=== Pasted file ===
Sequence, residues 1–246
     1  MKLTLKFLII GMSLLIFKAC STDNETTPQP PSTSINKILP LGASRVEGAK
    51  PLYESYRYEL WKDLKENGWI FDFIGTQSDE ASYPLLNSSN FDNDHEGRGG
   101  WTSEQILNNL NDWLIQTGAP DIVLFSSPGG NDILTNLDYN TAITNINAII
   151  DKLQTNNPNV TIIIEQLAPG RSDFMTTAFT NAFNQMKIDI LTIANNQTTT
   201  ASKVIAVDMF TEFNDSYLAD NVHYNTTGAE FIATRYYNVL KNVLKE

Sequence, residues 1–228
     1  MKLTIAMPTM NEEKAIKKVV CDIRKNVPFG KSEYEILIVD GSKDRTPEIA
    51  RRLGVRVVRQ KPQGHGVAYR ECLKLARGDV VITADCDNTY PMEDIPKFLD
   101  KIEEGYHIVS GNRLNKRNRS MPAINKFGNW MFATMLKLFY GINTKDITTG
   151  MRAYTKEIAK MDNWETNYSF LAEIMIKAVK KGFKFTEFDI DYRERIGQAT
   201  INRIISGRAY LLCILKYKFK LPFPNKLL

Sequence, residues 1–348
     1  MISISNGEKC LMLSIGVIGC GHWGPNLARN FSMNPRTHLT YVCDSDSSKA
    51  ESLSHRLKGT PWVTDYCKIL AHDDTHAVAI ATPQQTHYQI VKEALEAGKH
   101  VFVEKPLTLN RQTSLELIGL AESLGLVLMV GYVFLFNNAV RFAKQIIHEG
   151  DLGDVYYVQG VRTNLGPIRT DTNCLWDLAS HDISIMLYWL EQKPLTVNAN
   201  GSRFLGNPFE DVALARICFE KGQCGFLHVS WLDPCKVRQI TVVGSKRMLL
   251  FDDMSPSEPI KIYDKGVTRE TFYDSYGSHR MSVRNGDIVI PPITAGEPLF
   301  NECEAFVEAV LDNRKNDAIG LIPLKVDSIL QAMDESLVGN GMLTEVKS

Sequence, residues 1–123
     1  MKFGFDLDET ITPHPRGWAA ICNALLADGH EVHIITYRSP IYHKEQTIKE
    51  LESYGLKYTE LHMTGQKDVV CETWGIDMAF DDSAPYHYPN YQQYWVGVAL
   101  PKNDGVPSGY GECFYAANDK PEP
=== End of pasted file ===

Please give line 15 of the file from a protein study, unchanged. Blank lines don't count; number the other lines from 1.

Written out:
    51  ESLSHRLKGT PWVTDYCKIL AHDDTHAVAI ATPQQTHYQI VKEALEAGKH